Firelight

Bomb Rating: 

Silver Seashell Award my ass.

Force Itzak Perlman to consume the amount of caffeine and amphetaminesit would take to make an elephant launch patties out its ass like scud missiles and you still couldn't get him to produce more violin music than this film manages in just two hours. It's as if the director, William Nicholson, constantly has to remind everyone that he's making a tear-jerker. It's the equivalent of being trapped in an elevator listening to the pan flute version of "Whole Lotta Love" repeat endlessly.

I'll have you know that "Firelight" won the Silver Seashell Award at the San Sebastian Film Festival. It says so in the press kit. Do you think a film that feels the need to play up San Sebastian's Silver Seashell Award could possibly be the least bit good? Where the hell is San Sebastian anyway? Hell, I'd bet my collection of Elizabeth Berkeley videos that the people of San Sebastian would give humanitarian awards to the cast of "Different Strokes" if it meant that one more tourist would show up and buy some badly-painted pottery. Silver Seashell Award my ass.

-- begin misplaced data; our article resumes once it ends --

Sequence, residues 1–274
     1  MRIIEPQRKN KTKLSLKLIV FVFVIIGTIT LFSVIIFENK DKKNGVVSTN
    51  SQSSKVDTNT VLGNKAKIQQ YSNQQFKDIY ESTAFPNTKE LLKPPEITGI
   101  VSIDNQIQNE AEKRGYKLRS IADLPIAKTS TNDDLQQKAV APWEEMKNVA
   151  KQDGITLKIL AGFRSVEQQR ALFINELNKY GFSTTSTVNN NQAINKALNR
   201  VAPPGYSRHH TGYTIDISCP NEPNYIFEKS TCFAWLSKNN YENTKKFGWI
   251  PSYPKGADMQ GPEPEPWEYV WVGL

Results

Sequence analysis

This is like the fifth or sixth film this year with a governess in it. In this case, Sophie Marceau stars as Elisabeth, the Swiss governess who agrees to bear a child for a British Aristocrat (Stephen Dillane). During the intercourse, Sophie and Charles discover feelings for each other, but since Charles is British he believes such feeling might actually be illegal. Elisabeth bears the child. Charles takes it away. Seven years later, after much searching, Elisabeth shows up at Charles's house to be his daughter's governess. She promises not to tell the girl, but suffers terribly (violin music).

Frankly, the initial lovemaking session between Elisabeth and Charles is about the only thing of interest in the film. Let's just say that when Sophie is lying on her back it's like somebody made a couple jello molds out of old British WWI pith elements on her chest. As Charles lies on top, the relationship between their two bodies is like the graph of some infinite function. Their toes touch but as you near their heads Elisabeth is lying their on the bed forming the x-axis while Charles's noggin looks like it might be scraping the ceiling or something as it veers away up the y-axis. It's not the kind of thing you see every day -- especially if you live in San Sebastian.

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